What is Comparative Market Analysis?


If you've recently launched a real estate agency or a real estate investing business, or you operate a business that owns a lot of real estate assets, then you're going to come across comparative market analysis at some point in your operations. A CMA is a way to estimate, with reasonable accuracy, the value of your property in the current market. This helps you make the best decisions about whether to sell or buy property assets so they don't languish in your portfolio.

What is Comparative Market Analysis?

A comparative market analysis is an evaluation of a property's value in the current market. It works by comparing the subject property with properties of a similar type, size and condition that have recently sold in the same neighborhood. By looking at the selling price of the so-called "comparable" properties, you can make a good estimate of what the subject property is worth. Real estate agents use CMAs to value all sorts of property including residential, office and industrial real estate, and investors use it to figure out whether a potential investment is worthwhile.

Why Do Real Estate Businesses Need Comparative Market Analysis?

If you've opened a real estate agency, it's fairly obvious why you need to carry out a comparative market analysis – it's one of the most valuable documents you can offer your client. A CMA is an essential part of listing homes for sellers at the right price so they don't leave money on the table. It's also essential when making offers on behalf of home buyers so they don't pay a dime more than the home is worth. You can also use CMAs as a marketing tool to generate business by showing homeowners how much they could get if they sold their home with you today.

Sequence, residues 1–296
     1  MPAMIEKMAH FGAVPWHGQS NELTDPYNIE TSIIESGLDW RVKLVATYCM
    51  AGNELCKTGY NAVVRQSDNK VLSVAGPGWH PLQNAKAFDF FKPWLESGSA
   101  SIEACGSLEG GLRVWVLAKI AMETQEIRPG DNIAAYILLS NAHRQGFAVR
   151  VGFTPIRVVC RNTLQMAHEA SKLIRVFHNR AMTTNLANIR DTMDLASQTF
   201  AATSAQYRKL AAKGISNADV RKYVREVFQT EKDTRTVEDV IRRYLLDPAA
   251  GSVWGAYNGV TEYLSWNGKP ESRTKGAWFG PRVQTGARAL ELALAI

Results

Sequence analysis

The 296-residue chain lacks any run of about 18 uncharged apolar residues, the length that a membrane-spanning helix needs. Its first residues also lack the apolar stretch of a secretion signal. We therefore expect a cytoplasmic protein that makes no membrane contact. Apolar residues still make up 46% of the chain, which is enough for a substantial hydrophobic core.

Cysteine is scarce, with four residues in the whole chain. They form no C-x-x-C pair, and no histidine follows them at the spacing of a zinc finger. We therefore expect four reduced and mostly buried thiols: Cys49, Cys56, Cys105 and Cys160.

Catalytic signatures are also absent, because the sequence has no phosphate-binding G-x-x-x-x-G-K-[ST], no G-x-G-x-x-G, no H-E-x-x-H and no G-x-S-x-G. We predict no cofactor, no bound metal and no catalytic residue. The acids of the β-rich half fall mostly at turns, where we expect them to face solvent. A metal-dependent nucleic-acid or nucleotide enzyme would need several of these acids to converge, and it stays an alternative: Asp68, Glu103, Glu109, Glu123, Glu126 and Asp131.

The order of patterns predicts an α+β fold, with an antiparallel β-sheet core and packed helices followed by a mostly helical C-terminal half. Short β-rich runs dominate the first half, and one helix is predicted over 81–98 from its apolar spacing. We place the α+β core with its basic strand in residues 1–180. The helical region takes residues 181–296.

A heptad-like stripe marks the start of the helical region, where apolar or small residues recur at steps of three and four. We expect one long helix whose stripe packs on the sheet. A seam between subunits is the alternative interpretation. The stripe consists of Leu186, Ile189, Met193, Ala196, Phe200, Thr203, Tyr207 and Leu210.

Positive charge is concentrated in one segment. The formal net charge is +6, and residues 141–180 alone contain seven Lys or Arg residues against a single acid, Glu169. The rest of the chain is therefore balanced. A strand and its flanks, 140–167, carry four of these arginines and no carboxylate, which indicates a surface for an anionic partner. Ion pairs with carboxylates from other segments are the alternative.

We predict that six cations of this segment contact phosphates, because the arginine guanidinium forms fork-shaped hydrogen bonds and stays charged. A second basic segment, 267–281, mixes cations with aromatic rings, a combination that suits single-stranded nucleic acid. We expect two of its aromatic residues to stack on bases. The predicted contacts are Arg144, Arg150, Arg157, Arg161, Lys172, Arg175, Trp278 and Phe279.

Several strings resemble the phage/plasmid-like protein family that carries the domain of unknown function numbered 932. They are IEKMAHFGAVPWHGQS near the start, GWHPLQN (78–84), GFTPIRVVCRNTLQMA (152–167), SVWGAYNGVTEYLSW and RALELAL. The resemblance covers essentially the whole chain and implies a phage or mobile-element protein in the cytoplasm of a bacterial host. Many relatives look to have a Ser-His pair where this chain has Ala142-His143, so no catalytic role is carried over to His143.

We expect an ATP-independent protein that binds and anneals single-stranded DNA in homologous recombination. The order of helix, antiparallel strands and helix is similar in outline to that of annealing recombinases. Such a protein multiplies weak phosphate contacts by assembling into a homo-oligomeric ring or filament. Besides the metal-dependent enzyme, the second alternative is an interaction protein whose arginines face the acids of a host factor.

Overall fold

What About Other Businesses?

For other businesses, a CMA can help you keep track of the value of your business. If you own a lot of retail stores, warehouses and other property assets, as an operator or investor, then the value of your business will be hugely affected by fluctuations in the value of these tangible assets. A CMA can be critical for selecting the optimum time and price for selling, buying or replacing individual properties. It also adds weight to your business valuation if you're selling your business as a whole.

How to Do a Comparative Market Analysis

Start by listing the attributes of the property you're valuing, for example, a 1,000 square feet retail store with storage facilities, kitchenette and bathroom in a busy shopping district. Next, you're going to look for stores with comparable attributes that have sold in the same neighborhood over the last three-to-six months. A real estate agent can look up sold, expired, active and pending listings on the multiple listing services; other businesses should check out real estate websites such as Zillow or Trulia. Pull up at least three "comparables" and review their selling prices. Average these prices out, and you'll have a good estimate of your property's value.

Making Quality Adjustments

Sometimes, there aren't a lot of comparables in the neighborhood, especially when you're attempting to value commercial property. You might find only larger properties or stores located on a side street with fewer passersby. Now, you have to try and identify what each difference is worth. For example, you might calculate the average selling price per square foot of larger or smaller stores, then multiply that by your subject property's square footage to get an estimated market value. Or, you might deduct $5,000 from the value of your property if it's in poor condition and needs approximately $5,000 worth of repairs. Valuation is more art than science, and the results are much more accurate when you're comparing apples to apples. The more differences there are, the more comparables you'll need to find.